NEWBERG, Oregon—This past year was perplexing. Nothing seemed to follow the rules. First, the weather was hotter and drier than usual. This made for daily hand watering and irritability on my part. Rather than enjoying my new plant acquisitions, I felt bound to a relentless schedule of watering and dragging hoses. My gold variegated lavender ‘Goldberg’, which had been tortured as a rootbound one-gallon plant, eked out one scrawny flower spike. Since its introduction, I know of no one who has seen this cultivar bloom, but it’s not impressive.
Because vacations were out of the question (who would water?), we decided to redesign a couple of large plant beds. The smaller garden, with both shade and sun areas, is a concentration of hellebores, fuchsias, trilliums, striated lily of the valley, various wood anemones and English cowslips. Though smaller, it is the garden of most interest to us. Definitely overplanted, it overflows with garden treasures — Jack-in-the-pulpit (Arisaema spp.) with mottled foliage and stems, silver-leaved lungworts (Pulmonaria spp.), double-flowered hellebores and a seldom-found fragrant, double-flowered white sweet violet.
In the hotter areas are two promising new rock roses: Cistus ‘Bennet’s White’ (the largest white-flowered rock rose to date) and C. ¥dansereaui ‘Decumbens’ (a dwarf version with maroon-spotted white flowers). To add some foliage interest and contrast, I planted a golden bay (Laurus nobilis ‘Aurea’), Cimicifuga ramosa ‘Brunette’ (a bugbane with dark purple, almost black, leaves), a golden-leaved hydrangea and a new anise hyssop, Agastache foeniculum ‘Golden Jubilee’. This plant is terrific with its contrast of bright blue flowers and chartreuse foliage. I tried to sell a few starts, but they met with a cool reception. (There must not be a lot of Royalists out there, as this was to commemorate Queen Elizabeth’s birthday.) Or perhaps it was just too hot to consider another plant that might burn in full sun. This plant self-sows, spreading its little gold seedlings around.
My other planting was a large border of sorts. Half of it I dedicated to new lavender cultivars and creeping thymes. The other half, which is adjacent to the driveway, is a perennial border. A mixture of herbs and flowering perennials, it is sprinkled with more rock roses and other evergreen shrubs. I realized after the lavenders bloomed that there was a void of color, so I added some late-summer-blooming perennials, including ‘Moonbean’ coreopsis, rudbeckias, echinaceas and butterfly weed (Asclepias tuberosa), sprinkled throughout with annual cosmos. This group contains the echinacea ‘Doppelganger’, recently introduced from Holland. It differs from the usual purple coneflower with reflexed petals by having an additional tier of petals on top of the seed cone in the second year. The first year it looks like any other echinacea. I also planted the rudbeckia ‘Green Wizard’. If you want weird, this is it. It has 1- to 3-inch flower cones with green petals or sepals — no flower color whatsoever, just a big green plant.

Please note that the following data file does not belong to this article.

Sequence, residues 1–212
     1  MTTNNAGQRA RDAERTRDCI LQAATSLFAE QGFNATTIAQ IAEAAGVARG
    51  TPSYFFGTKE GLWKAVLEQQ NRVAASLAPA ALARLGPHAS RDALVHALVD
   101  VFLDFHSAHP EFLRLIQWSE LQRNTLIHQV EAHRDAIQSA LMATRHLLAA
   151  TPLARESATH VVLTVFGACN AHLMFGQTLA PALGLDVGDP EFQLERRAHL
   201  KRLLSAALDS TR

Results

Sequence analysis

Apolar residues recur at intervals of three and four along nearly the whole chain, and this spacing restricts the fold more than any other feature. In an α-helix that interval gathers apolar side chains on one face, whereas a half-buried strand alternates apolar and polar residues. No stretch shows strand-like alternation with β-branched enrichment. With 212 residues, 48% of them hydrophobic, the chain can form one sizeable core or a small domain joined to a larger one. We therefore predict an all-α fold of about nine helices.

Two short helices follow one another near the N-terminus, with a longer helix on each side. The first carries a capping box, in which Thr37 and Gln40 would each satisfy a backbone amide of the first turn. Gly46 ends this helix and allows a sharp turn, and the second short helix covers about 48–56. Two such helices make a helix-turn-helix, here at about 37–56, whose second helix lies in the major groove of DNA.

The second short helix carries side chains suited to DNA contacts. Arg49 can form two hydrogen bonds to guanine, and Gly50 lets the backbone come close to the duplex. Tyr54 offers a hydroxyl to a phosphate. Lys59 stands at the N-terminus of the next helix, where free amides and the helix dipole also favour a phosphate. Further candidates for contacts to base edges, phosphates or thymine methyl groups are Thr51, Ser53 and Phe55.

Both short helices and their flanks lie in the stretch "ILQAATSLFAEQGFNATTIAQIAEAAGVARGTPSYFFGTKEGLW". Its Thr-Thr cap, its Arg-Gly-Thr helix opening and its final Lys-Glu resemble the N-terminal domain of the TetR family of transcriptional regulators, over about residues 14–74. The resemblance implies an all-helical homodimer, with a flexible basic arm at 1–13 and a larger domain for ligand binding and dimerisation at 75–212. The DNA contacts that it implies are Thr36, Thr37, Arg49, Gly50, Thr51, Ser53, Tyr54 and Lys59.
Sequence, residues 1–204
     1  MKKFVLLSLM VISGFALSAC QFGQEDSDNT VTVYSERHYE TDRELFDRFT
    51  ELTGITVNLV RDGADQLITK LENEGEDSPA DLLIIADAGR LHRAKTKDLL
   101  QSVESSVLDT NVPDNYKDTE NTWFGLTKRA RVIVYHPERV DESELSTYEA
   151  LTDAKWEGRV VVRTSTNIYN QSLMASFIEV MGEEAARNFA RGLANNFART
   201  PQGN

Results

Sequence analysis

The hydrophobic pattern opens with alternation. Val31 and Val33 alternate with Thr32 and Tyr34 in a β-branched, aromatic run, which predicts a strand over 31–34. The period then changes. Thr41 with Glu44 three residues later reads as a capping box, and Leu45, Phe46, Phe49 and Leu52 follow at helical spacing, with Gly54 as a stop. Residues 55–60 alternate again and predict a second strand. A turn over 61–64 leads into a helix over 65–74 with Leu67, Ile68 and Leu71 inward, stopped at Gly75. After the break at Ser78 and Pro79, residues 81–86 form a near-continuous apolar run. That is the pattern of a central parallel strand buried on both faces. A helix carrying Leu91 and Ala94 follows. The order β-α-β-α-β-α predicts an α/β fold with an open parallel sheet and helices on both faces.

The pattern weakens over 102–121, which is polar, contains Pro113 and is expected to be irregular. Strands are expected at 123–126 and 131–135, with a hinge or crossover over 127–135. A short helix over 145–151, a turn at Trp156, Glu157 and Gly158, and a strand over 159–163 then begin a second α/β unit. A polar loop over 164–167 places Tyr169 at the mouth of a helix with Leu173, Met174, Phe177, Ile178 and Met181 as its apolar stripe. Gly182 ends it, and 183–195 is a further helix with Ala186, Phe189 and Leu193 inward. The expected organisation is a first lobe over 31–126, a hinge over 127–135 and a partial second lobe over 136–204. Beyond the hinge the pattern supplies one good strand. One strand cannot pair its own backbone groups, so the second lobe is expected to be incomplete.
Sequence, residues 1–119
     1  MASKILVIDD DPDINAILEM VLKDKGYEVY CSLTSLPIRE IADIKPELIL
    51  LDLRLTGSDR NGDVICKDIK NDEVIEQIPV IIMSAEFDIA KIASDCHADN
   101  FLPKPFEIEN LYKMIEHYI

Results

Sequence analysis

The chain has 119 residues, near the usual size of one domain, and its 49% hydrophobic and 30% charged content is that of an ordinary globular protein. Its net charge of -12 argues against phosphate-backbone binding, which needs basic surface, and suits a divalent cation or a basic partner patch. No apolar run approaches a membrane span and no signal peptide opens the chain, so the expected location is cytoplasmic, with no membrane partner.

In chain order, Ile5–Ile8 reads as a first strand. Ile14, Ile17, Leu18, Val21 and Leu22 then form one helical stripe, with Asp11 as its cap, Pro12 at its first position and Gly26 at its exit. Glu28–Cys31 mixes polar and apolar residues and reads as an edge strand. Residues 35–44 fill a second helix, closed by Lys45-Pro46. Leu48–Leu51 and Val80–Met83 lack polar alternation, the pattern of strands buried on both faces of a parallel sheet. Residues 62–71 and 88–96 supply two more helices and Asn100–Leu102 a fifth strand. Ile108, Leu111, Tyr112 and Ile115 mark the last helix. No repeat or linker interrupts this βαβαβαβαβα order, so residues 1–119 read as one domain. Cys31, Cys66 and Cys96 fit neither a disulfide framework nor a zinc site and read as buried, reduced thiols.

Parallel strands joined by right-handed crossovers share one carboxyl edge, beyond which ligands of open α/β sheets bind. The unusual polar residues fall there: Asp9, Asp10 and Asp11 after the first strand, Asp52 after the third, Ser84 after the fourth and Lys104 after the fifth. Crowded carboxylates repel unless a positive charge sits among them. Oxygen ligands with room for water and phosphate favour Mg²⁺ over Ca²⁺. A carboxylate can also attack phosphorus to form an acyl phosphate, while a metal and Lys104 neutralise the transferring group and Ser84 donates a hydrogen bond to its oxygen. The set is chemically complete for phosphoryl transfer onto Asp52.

Another perplexing plant in this border is ‘Green Pepper’ basil, from Nichols Garden Nursery. It is unlike any sweet basil I have encountered before. The leaves are a rich, dark green, and it smells like green peppers. Like ‘Sweet Aussie’ and ‘African Blue’ basil, this basil must be propagated by cuttings, as it does not set viable seed. I can winter it over in my greenhouse and it won’t die. And finally, the most perplexing of all, is a plant I was given as dwarf lemon balm. What is so different about this very common herb that seeds itself with wild abandon? This one reportedly doesn’t set seed. Now that, I say, is against all the herbal rules.
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